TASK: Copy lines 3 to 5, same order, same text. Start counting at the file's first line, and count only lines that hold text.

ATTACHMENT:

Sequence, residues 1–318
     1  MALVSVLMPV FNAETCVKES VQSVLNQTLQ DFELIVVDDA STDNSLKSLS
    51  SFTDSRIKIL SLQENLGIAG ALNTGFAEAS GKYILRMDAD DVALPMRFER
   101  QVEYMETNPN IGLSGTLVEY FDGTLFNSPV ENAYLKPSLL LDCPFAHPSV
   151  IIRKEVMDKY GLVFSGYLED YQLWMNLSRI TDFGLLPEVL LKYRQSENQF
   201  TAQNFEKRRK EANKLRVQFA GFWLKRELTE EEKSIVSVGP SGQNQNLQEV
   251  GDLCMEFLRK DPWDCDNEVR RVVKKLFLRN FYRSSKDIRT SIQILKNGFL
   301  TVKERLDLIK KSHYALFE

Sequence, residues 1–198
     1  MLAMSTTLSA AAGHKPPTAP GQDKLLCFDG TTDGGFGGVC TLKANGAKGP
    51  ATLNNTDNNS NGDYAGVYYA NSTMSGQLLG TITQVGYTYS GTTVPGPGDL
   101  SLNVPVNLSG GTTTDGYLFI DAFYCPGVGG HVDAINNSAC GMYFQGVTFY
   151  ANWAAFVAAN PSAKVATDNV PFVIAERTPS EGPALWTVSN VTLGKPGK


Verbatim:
    51  SFTDSRIKIL SLQENLGIAG ALNTGFAEAS GKYILRMDAD DVALPMRFER
   101  QVEYMETNPN IGLSGTLVEY FDGTLFNSPV ENAYLKPSLL LDCPFAHPSV
   151  IIRKEVMDKY GLVFSGYLED YQLWMNLSRI TDFGLLPEVL LKYRQSENQF